Fitness-tracking devices have helped Peter Dumbreck beat his personal best times for cycling three days in a row.
The racing driver and keen cyclist uses a Garmin 810 Edge cycle computer, a heart rate monitor and a power meter.
“The power meter is embedded into my left crank arm and talks via Bluetooth to my Garmin device, as does my heart rate monitor,” he says.
“I can see my power [the force his legs are generating], which is updated every three seconds, on my Garmin screen and through training and experience know how many watts I can maintain and for how long I can do it,” he says.
Wearable and portable fitness trackers are certainly helping serious athletes like Peter to push themselves to the limit.
But what about the rest of us? Does knowing how many calories we’re burning, how fast our hearts are beating, and how many steps we’ve taken really motivate us to do more exercise and eat more healthily?
In short, do they really work?
What’s my motivation?
“They’ve made us all aware of how we treat our bodies, and they have even helped people diagnose things like diabetes and obesity,” says Collette Johnson, head of marketing at design technology consultancy Plextek.
“But I feel they could go further.”
Last year the University of Pittsburgh concluded that fitness trackers were “ineffective at sustaining weight loss”.
The two-year study, conducted by the university’s School of Education Department of Health and Physical Activity, involved 500 overweight volunteers. All were asked to diet and engage in more exercise, but only half were given a fitness tracker to help them.
The study found that the group wearing trackers lost 8lb (3.6kg), but the ones who didn’t lost 13lb (5.9kg).
“Trackers are a reliable measurement of our activity, but we can’t rely on them completely,” says Andrew Lane, professor of sport psychology at the University of Wolverhampton.
“We can’t expect just to buy one and that’s it – some of the responsibility sits with us too. We still have to get off that sofa and complete those 10,000 steps a day.”
Prof Lane believes that, if used inappropriately, they may even start to have a negative psychological effect.
“What if we start consistently not reaching goals set for us by them? Ultimately it would lead to us feeling demotivated – the opposite effect they are supposed to have.”
Such concerns haven’t stopped the market from booming – yet.
Leading wearable fitness tracker maker Fitbit reported 2015 revenues of £1.3bn, while researcher CSS Insight forecasts that the market will be worth £16bn by 2020.
And the fact that smartwatch sales declined sharply last year, according to market analysts IDC, has led many makers to reposition them primarily as fitness-tracking devices – another indication of where the business potential lies.
But is the problem with them that they are neither accurate nor sophisticated enough yet?
“As well as providing data for us, companies need to provide coaching with this data. They need to take responsibility for the results they’re providing us,” says Prof Lane.
And Plextek’s Ms Johnson thinks they need to understand more about the individual user.
“They need to recognise whether Sharon from Uxbridge really should be doing two hours of fitness a week, how that’s going to impact upon her body, her joints, whether she’s at risk of osteoporosis.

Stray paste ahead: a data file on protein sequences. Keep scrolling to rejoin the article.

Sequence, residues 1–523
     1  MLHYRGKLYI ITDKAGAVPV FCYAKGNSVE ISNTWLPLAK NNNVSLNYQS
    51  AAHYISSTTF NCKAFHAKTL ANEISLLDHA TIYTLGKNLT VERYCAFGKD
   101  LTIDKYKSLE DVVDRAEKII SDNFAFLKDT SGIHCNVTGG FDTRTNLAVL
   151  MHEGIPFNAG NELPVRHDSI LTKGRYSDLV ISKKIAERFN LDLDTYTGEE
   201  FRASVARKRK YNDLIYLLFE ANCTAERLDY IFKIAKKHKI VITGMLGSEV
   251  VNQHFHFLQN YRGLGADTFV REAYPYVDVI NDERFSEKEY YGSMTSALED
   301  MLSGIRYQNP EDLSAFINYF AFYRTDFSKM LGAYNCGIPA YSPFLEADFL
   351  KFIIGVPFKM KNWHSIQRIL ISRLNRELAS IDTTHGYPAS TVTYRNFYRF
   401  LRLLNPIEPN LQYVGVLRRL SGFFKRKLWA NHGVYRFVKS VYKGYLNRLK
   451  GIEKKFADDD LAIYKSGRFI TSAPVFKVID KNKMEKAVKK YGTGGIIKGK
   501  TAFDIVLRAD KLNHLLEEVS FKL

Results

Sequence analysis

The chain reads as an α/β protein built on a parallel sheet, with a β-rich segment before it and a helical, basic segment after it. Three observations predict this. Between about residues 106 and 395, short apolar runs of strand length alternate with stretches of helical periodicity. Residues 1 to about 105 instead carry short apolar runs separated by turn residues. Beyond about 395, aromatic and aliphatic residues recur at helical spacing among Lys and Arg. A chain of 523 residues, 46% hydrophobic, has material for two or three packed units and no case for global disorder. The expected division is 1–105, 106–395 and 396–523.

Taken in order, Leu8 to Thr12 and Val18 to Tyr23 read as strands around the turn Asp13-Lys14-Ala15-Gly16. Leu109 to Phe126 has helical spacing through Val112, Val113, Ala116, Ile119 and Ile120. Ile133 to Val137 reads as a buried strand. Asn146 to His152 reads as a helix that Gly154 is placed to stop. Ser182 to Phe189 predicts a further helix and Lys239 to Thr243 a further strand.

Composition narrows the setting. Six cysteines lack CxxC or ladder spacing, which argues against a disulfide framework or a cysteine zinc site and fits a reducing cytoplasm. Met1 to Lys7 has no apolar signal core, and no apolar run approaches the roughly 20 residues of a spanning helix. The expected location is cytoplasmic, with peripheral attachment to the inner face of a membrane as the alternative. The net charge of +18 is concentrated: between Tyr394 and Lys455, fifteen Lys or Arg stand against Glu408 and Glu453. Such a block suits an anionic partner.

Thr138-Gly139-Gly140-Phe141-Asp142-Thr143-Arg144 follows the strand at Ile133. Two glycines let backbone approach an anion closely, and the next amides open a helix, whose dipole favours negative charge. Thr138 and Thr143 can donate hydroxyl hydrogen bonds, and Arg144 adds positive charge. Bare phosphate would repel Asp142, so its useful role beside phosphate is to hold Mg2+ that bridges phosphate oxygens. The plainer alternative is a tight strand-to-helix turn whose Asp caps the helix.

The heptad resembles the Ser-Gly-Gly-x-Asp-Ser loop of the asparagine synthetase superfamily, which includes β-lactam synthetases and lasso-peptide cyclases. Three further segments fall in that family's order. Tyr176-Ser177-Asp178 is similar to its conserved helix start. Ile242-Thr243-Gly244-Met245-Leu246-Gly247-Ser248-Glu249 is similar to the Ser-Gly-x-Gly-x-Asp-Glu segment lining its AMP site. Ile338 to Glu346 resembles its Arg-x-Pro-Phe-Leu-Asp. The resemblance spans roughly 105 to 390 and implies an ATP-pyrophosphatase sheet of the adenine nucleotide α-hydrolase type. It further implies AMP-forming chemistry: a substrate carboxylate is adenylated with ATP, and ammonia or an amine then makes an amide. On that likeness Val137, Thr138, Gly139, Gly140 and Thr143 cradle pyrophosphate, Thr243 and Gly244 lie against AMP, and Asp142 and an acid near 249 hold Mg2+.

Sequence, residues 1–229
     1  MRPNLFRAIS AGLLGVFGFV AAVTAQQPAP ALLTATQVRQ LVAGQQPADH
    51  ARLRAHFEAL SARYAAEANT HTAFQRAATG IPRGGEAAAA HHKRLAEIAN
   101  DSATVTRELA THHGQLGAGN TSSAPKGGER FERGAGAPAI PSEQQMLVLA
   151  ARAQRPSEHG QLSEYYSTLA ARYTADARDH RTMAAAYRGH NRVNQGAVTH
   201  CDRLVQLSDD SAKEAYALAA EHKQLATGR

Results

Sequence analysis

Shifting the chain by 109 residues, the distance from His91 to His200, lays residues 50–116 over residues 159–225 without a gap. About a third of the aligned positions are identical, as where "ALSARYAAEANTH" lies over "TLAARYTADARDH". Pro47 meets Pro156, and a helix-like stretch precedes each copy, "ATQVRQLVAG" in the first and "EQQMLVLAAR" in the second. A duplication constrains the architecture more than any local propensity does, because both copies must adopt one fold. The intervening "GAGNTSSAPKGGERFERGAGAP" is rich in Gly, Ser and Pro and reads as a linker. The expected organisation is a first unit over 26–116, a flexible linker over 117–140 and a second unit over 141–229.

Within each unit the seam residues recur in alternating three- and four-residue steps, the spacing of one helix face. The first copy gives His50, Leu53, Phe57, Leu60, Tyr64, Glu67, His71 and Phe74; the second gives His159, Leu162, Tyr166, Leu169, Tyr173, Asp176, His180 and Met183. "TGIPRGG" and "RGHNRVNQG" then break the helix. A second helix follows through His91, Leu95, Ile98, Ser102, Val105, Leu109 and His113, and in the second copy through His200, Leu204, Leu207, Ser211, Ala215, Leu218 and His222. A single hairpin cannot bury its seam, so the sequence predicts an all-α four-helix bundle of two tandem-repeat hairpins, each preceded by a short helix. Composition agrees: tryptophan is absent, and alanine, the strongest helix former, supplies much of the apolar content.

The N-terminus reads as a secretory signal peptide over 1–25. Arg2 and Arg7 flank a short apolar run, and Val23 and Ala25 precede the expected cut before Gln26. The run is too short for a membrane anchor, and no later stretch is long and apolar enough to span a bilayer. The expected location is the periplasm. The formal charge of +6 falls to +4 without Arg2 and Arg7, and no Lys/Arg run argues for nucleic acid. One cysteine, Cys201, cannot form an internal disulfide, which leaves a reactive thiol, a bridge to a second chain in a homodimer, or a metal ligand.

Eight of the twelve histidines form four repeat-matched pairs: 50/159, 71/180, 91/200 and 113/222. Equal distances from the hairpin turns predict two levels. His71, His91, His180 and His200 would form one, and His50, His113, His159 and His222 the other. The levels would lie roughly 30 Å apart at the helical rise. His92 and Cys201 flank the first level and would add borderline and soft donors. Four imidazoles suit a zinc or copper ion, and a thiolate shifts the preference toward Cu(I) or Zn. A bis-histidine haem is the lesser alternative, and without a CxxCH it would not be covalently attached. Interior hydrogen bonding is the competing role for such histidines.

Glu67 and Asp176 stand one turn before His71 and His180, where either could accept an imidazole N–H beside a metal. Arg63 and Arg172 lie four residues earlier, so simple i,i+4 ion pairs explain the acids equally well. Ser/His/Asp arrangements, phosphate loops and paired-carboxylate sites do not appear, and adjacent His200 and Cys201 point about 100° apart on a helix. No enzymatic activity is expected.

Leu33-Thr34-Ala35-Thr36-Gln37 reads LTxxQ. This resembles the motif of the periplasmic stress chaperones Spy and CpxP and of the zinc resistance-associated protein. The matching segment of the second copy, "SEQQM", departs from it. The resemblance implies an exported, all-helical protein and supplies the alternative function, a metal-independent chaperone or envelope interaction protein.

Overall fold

“Fitness trackers can be too generic, personalising them will motivate us more,” she tells the BBC.
Apps, like the Slimming World app, may be better for achieving sustained weight loss, she argues, because they allow you to track your weight loss progress and give you incentives after it has recorded your exercise.
“There is no doubt the industry is booming, but for it to really see results it needs not only to give us results, but to make them as personalised and as accurate as possible.”
So what tech innovations are making fitness tracking more effective?
Genetics and nutrition firm DNAFit advises on how we should be training and what we should be eating after testing our genes and applying its algorithm to the analysis.
You take a saliva swab and send it off to the company’s lab. After 10 days a report tells you which exercises your body will respond to best and which foods you should be eating. The company says its technology platform has been peer reviewed and clinically tested.
Other companies such as FitnessGenes, Genetrainer and AnabolicGenes adopt similar approaches.
Jo Rooney, 35, a deputy headteacher, used the test to try to cure her stomach problems.
“My results came back quite quickly and told me that I was actually lactose intolerant and had a high sensitivity to gluten.
“This did mean quite a radical change to my diet, and a lot more forward planning, but within a week I felt a lot less bloated, lost weight and I’d stopped having stomach problems.”
Body of evidence
Body scanners and tech built into sports clothes are also giving us more detailed results.
For example, Fit3D uses scanners to assess the whole body to calculate body fat percentage, assess posture and give body shape scoring.
While last year, OMsignal launched OMbra, a smart sports bra that tracks heart rate, breathing and distance between steps, and shares this data with a smartphone app.
Prof Lane believes that we’re also going to start seeing biometric devices integrated not just into clothes and wearable devices, but directly on to our bodies as well.
For example, US tech firm Chaotic Moon Studios – now called Fjord – has created a prototype tech tattoo – a skin-mounted monitor that connects to your smartphone to monitor heart rate, blood pressure and even track movement via GPS.
Now we just need an injection of willpower.